In the terrain of post-Superflat Japanese painting whose sources emerge largely from animation and manga, the work of Tomoko Konoike remains somewhat singular. A graduate of Tokyo's prestigious Fine Arts University, Konoike's "break" into the contemporary art scene is relatively recent and came only after she had worked for several years as a commercial toy and character creator.
Konoike is known for her large paintings, animations and sculptures that depict, in varying formations, several characters from what can best be described as an ongoing saga or mythology which she has created and which continues to inform her output. This saga mainly revolves around an adolescent girl named Mimio, around whom gather a large six-legged wolf, flapping-eared white elf-like creatures, flying daggers and other natural or supernatural constructs. One could read these characters as players in classic Alice in Wonderland or Nutcracker type narratives, which describe a journey from childhood innocence into adulthood and their accompanying dream-like fantasies. There are obvious parallels with the work of directors such as Hayao Miyazaki.
Konoike's most recent exhibition at Mizuma Art Gallery was titled "Hidden Mountain & the Lodge" and inventively used the gallery's two spaces, separated by three floors, to stage a literal climb upwards through the building. The main gallery housed a panoramic fusuma sliding door painting. On one side was depicted a classic, symmetrically balanced mountain goddess whose young face was embedded into the mountain's craggy sides, with large eyes gazing out and her mouth open. This reminded me of certain ancient Buddhist and Shinto iconographies that show creatures with opened mouths symbolizing the sound A, the first letter of the mystical holy seed syllable OM or AUM. The rear side of the fusuma depicted a cosmic singularity, a Big Bang moment of explosion whose point of emanation seemed to be a human brain, swirling amidst galaxies and deep space.
Moving up through the building to Mizuma's Action gallery, one encountered drawings and a model of the mountain behind more fusuma doors. I felt that Konoike's strength of vision was somewhat dissipated here, moving into a rather too literal domain of mountain references which included a hanging rescue stretcher, a stuffed antler head and a tent that one could crawl into to watch a video. I expected to be confronted by more mysterious and numinous images as one moved upwards (in the Neo-Platonic sense of ascent corresponding to greater abstraction and complexity), but things became ever more tawdry.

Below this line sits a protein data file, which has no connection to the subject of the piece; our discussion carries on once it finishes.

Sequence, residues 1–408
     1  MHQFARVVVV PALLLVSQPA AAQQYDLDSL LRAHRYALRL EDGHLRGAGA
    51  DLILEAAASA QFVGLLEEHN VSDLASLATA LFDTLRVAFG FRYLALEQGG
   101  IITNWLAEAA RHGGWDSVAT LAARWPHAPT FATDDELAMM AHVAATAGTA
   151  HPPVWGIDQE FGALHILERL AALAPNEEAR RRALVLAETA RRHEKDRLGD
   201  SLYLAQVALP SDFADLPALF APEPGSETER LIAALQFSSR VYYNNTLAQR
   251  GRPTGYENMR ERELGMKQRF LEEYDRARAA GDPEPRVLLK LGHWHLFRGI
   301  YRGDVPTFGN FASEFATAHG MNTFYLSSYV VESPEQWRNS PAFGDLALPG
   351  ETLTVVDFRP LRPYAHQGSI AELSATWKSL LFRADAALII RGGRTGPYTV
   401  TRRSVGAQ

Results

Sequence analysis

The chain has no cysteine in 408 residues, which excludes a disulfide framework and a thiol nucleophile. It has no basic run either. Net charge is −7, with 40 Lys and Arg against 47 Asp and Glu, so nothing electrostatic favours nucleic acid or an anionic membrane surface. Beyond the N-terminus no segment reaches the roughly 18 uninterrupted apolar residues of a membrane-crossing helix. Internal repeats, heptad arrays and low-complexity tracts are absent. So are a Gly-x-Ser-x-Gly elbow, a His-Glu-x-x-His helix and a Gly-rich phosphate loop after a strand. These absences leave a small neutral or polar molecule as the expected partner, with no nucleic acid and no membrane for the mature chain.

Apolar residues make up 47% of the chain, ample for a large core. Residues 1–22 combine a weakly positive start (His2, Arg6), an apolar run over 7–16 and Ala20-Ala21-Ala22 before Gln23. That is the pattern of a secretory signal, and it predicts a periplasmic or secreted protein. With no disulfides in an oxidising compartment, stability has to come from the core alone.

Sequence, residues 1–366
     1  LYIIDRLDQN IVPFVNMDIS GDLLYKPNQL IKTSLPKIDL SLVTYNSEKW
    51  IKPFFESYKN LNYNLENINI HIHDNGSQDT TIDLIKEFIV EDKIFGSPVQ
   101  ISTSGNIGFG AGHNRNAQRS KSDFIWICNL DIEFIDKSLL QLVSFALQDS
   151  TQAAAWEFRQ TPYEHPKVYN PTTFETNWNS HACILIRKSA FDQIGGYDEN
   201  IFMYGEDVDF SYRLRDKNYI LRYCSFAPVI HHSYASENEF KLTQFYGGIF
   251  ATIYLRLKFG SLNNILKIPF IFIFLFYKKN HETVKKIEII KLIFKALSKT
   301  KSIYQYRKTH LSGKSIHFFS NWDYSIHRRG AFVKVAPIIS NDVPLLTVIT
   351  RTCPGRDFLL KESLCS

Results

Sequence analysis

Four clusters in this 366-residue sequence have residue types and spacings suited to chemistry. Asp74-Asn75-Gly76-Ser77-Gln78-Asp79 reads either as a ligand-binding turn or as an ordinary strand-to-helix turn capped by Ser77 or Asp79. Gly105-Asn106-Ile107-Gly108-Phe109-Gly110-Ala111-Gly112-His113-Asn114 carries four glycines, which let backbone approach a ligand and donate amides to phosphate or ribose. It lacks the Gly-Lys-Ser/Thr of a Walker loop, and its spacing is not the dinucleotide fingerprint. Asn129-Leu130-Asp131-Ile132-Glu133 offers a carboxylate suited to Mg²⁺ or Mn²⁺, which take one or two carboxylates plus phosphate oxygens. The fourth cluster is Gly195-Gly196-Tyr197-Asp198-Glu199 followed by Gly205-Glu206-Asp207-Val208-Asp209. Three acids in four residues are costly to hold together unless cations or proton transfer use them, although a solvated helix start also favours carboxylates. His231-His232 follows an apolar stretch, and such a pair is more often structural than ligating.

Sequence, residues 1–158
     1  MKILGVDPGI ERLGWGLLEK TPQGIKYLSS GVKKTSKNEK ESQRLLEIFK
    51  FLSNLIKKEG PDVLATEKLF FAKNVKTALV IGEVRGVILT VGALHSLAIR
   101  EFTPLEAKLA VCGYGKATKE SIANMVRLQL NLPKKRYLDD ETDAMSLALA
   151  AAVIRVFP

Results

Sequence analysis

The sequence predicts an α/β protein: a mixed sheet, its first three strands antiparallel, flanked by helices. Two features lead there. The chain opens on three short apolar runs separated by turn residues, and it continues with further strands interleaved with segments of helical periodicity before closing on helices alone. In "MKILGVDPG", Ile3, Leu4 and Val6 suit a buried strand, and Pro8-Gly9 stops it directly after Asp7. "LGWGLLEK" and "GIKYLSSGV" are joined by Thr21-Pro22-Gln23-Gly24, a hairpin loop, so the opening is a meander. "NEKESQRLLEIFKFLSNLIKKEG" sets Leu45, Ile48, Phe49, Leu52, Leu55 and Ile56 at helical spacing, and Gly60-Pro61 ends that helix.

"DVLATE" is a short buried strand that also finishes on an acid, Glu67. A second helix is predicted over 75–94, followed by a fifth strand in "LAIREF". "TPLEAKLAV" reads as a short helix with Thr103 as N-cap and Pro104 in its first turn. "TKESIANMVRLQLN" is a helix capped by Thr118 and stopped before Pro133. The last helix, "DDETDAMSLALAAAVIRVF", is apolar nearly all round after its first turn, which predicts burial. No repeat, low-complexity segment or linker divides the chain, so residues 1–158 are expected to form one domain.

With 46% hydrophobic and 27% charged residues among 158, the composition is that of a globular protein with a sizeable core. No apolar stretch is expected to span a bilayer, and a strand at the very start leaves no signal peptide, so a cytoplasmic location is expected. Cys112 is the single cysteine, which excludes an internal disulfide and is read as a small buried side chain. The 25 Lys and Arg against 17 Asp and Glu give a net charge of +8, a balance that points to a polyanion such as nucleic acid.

One of Konoike's mythical creatures, the six-legged wolf, appeared in several drawings, making me ponder its meaning in her saga. The wolf became extinct in Japan around the Meiji period, following its active extermination as a threat to modern farming and ranching methods. Japan's two native species, the Honshu wolf and the larger Hokkaido wolf, continue to exert influence as archaic mythic symbols within certain thinning strands of esoteric Shinto and Buddhism, particularly the mountain asceticism of Shugendo. The wolf seems to be a resonant symbol of Japan's "fall" into modernity, its consequent separation from the natural realm and its attendant dreams. Konoike's works can be understood as a kind of lament or desire to re-dream this pre-modern time through a specific cosmology of creatures and landscapes that remain very much embedded in archaic archetypes developed over many thousands of years on these islands. In this sense her work can be understood within a techno-shamanistic discourse, using technologically nuanced characters and images to evoke proto-religious sentiments.